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Prof. Anna S Mitchell

How do subcortical and cortical brain structures interact to support complex cognition?


We focus on how different subdivisions of the dorsal thalamus interact with the frontal lobes and cingulate/retrosplenial cortex to support our ability to learn new information, remember and make decisions.

Our group focuses on how our brain works when we learn new information, navigate and make adaptive, rapid decisions. Our particular interest is with the dorsal thalamus and its interactions with cortex (thalamo-cortical networks and transthalamic loops). We use behavioural and cognitive neuroscience methods to understand how the medial thalamus and interconnected cortical regions contribute to learning new information, remembering, navigation and decision-making as well as other cognitive processes (e.g. planning).

One of our focuses is on the mediodorsal thalamus (it is the largest subdivision of the dorsal medial thalamus) and its interactions with the prefrontal cortex and structures in the medial temporal lobes. The functions of the mediodorsal thalamus are still not yet well defined and its role in many neurological disorders and psychiatric diseases remains speculative.

We have recently shown using neuroimaging in non-human primates that, in the healthy brain, learning to discriminate complex visuospatial information induces remarkable connectivity changes between dorsal medial thalamus and cortical structures, and in key fronto-temporal regions, at both the structural (anatomical connections) and the functional (temporally correlated signal) level. Subsequently, in the same brains after damage to the fornix, that disconnected the extended hippocampal system, different (almost opposite) connectivity profiles were found. These findings shed light on experience- and damage-related brain plasticity (Pelekanos, et al., 2020, J Neurosci). 

Previously, we have provided the first causal evidence of the importance of interactions between the mediodorsal thalamus and prefrontal cortex during learning complex information on a trial-by-trial basis and during performing a value-based decision-making task in primates (Browning, Chakraborty, Mitchell, 2015, Cerebral Cortex) and identified the causal contribution of the magnocellular mediodorsal thalamus in value-based decision-making in primates (Mitchell, Baxter, Gaffan, 2007, J Neurosci).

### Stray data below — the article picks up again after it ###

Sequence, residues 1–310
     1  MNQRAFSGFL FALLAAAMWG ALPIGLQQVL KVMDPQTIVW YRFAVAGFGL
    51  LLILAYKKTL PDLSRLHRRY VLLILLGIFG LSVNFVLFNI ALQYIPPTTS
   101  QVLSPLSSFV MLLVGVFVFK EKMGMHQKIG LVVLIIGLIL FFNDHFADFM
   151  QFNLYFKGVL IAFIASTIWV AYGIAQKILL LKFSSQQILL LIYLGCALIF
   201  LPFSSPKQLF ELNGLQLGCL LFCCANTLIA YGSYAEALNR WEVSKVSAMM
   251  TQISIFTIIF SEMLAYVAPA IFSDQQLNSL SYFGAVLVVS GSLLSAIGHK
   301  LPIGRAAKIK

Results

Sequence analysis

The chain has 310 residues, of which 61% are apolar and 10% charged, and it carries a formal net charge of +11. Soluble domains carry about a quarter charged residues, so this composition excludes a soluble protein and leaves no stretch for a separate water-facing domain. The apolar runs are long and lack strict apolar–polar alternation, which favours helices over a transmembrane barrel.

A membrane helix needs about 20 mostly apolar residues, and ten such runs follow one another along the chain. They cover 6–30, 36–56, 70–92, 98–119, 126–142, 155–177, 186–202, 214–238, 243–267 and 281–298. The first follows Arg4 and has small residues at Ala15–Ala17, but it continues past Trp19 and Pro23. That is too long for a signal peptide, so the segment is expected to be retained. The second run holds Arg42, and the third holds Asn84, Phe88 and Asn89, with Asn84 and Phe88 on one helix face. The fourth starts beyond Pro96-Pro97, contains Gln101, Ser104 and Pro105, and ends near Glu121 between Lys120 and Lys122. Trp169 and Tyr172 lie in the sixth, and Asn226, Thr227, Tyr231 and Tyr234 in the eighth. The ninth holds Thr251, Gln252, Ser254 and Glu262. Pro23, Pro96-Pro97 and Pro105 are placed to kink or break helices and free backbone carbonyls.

Other recent findings show the critical role of the mediodorsal thalamus in updating reward-guided learning in uncertain or changing environments (Chakraborty, Kolling, Walton, Mitchell, 2016, eLife). We also have further causal behavioural evidence to demonstrate that the integrity of the mediodorsal thalamus is critical in supporting the prefrontal cortex during tasks involving cognitive flexibility, including documenting neuroimaging changes after damage to the mediodorsal thalamus.

Our other main focus concerns interactions between the retrosplenial cortex and the anterior thalamic nuclei (also located within the medial thalamus) with our recent publication demonstrating the critical role for the retrosplenial cortex in supporting our ability to retain previously acquired information (Buckley and Mitchell, 2016, Cerebral Cortex). 

We use a multidisciplinary approach to advancing fundamental knowledge about the interactions between nuclei of the medial thalamus and their cortical targets during performing cognitive processes. We combine cognitive and behavioural neuroscience techniques including electrophysiology, neuroimaging, neurocognitive testing, disruption to selective brain targets in animals, neuroanatomy, immunohistochemistry and immuno-electron microscopy. We also assess cognitive and behavioural changes in patients with medial thalamic strokes using neuropsychological testing and neuroimaging. 

Some of our work is conducted in humans, while other studies involve us investigating our hypotheses using animal models (rodents and non-human primates).

Dr Mitchell's group also incorporate evaluations of 3Rs refinements into their research with non-human primates. Her group has recently developed a primate protective head cap that supports wound healing after cranial implant surgeries. This device won the UK Institute for Animal Technologies best refinement award in 2019. The manuscript is currently under review. We have also identified effective strategies for training primates for neuroscience techniques (Mason et al., 2019, J Neurosci Methods).

 

You can explore our non-human primate lab via a virtual tour here http://www.labanimaltour.org/  . For this work, we were awarded the 2017 Understanding Animals in Research Public Engagement Award. 

Dr Mitchell has also recently contributed to the discussion about the importance of animal research including primate research in neuroscience, its importance for advancing our fundamental understanding about brain functions that in some cases can support the discovery of ways to treat serious conditions, and the ways in which animal welfare is safeguarded. http://metro.co.uk/2018/03/20/why-are-primates-still-used-in-uk-experiments-7367751/

Finally, Dr Mitchell explains why she uses non-human primates to answer some of her research questions via an interview with the Wellcome Trust here https://www.facebook.com/wellcometrust/videos/608674132916002

Dr Mitchell is Co-Editor in Chief of Current Research in Neurobiology; she is a member of the Understanding Animal Research Board; and she is the scientific representative on the Animal Welfare Ethical Review Panel at the UK Centre for Macaques.

 

 

 

The team

Selected publications

Related research themes